Growing a long mane on your horse
Long manes are often a large challenge – both grooming-wise and also genetics-wise. Horses, like humans, have a hair life cycle that is ruled by genetics. Have you ever seen an Appaloosa with a mane like a Friesian? Probably not. You can learn more about how manes and tails grow in this amazing article.
Long manes come from a healthy horse
- The goal is to grow a healthy, undamaged mane and keep it that way. Only then can the mane grow as long as your horse’s genetics will allow.
Prevent breakage on your horse’s mane
- Helping your horse grow a long mane is like maintaining hair on your own head – you want to prevent breakage.
- You will have hair shedding, this is normal and all animals with hair do it. Breakage is the result of brittle and unhealthy hair, or sometimes wind knots and tangles can lead to breakage. Daily attention is key.
The role of nutrition
- Consult your veterinarian and/or nutrition specialist to make sure your horse’s diet is on target. Only then can your horse’s mane grow well.
- In order to grow a great mane, you must feed it from the inside. Our friend Karen from Kentucky Performance Products lets us in on some nutritional tidbits for growing a great mane and tail.
“Certain nutrients, such as omega fatty acids; the trace minerals zinc, copper and iodine; the essential amino acids lysine and methionine (found in high-quality proteins) and the B vitamin biotin, must be present in the correct amounts in a horse’s diet or skin, hooves, and hair will suffer. Getting the right balance is key, more is not always better. Take selenium, for instance, this trace mineral must be properly balanced in the diet, too much selenium can cause toxicity which leads to hair loss in the mane and tail, among other symptoms.”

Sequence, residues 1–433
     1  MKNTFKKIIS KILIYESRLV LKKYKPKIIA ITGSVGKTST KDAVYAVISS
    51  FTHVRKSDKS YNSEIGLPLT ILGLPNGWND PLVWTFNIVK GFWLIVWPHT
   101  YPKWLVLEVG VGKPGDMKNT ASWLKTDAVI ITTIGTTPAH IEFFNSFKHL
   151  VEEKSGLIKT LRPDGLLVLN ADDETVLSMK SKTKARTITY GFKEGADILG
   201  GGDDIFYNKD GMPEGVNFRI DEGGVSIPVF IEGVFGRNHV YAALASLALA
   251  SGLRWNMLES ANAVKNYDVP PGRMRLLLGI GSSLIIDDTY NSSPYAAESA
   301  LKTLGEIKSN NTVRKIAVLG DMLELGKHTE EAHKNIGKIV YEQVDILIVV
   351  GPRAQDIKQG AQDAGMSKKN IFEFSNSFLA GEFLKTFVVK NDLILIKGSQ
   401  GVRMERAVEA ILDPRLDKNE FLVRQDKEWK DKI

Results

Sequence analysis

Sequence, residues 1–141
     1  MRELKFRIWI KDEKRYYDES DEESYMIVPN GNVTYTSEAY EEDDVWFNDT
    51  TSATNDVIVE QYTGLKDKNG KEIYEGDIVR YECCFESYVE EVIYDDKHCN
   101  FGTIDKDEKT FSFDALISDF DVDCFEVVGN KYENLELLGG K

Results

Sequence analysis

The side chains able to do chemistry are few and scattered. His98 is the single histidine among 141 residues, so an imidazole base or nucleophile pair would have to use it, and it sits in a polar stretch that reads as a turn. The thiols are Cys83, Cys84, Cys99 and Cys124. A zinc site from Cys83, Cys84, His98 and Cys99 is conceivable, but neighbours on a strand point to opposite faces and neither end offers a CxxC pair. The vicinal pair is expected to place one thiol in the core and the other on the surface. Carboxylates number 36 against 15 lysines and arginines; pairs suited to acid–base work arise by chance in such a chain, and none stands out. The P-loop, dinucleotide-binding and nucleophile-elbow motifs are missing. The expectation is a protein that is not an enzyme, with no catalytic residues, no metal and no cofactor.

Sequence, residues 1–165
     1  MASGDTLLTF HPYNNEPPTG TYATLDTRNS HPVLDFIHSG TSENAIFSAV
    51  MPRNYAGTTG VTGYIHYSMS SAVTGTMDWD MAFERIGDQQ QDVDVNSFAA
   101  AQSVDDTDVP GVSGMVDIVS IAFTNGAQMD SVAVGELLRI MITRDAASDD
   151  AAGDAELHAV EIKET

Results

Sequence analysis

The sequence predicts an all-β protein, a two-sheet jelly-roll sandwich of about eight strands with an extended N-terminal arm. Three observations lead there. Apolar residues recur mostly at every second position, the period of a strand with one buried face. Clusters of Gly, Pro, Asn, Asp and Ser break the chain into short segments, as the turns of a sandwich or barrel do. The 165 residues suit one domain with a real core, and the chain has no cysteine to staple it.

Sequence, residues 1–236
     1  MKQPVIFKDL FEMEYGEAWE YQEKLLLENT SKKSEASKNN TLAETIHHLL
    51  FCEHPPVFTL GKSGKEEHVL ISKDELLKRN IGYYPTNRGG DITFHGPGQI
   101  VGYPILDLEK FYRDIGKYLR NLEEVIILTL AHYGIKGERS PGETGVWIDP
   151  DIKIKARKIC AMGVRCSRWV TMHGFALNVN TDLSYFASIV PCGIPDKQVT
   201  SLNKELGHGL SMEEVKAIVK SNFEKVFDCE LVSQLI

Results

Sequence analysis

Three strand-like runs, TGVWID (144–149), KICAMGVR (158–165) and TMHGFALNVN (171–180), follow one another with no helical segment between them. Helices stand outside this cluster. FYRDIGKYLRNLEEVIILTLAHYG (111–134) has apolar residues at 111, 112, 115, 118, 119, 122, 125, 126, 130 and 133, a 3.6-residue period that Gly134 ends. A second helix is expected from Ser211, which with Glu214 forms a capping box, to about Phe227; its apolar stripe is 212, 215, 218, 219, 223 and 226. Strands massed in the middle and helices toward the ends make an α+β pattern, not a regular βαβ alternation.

- You can supplement your horse’s diet with products that enhance the coat and skin. Luckily for your horse, many of these also improve hoof health.
More ways to prevent breakage
- Keep the mane conditioned. Be warned – some brands can make the reins slippery and therefore dangerous. I like grooming oils, they get soaked into the hair.
- When the mane starts to get really long, consider keeping it in several long and loose braids that hang down. If your horse rubs his neck, I would just leave the mane long and skip the loose braids.
- Use fingers to groom the mane and very carefully with a wide-tooth comb or brush. Burrs and foxtails and the like can be picked out easily after applying a detangler, use your fingers and a lot of patience. As with tails, work from the bottom up.
Long and loose braids are comfortable for your horse and don’t get tangled in the reins.
If you do get stuck with wind knots, you are at least lucky that your horse’s mane can grow that long!
- Try and spend some time on the mane every day, working with a conditioner and your fingers to untangle that mess.
- Adding water and shampoo to a wind knot will likely leave you frustrated, the wet mane is likely to make the hairs snap easily and the hairs will not be as slick. Slick is what you want for detangling. Grooming oils are GREAT for getting wind knots out of manes and tails.
- Keeping the mane detangled is key to the prevention of these knots. If you can’t attend to the mane every day, consider keeping it shorter or heavily conditioned. You can also try the loose braids once you get the knots out.
- Wind knots take lots of time to happen – so plan on a bunch of time to get them out… You will probably want to work on them a little at a time! Lots of patience and reward for your horse as you work them out.
Products for gorgeous manes
- Sheen products are usually silicone-based. Some of them also have tons of additional alcohol, which eventually dries everything out. Magic Sheen skips that step, so the product isn’t drying, and you use a lot less of it.
- Grooming oils are deep conditioning and detangling in one step. You can use them as a tail hair mask, letting the oils soak in for hours or even overnight. You will likely need to do a mild shampoo to remove the excess if you use a lot.
- Conditioners act like they would on your own head. You will need to rinse a conditioner out, but you could leave it in for a longer time and rinse later.
If you want to try some great products for your horse’s mane, you can try these. As an Amazon Associate, I earn from qualifying purchases, and it’s no extra cost to you. I’m forever grateful for your support!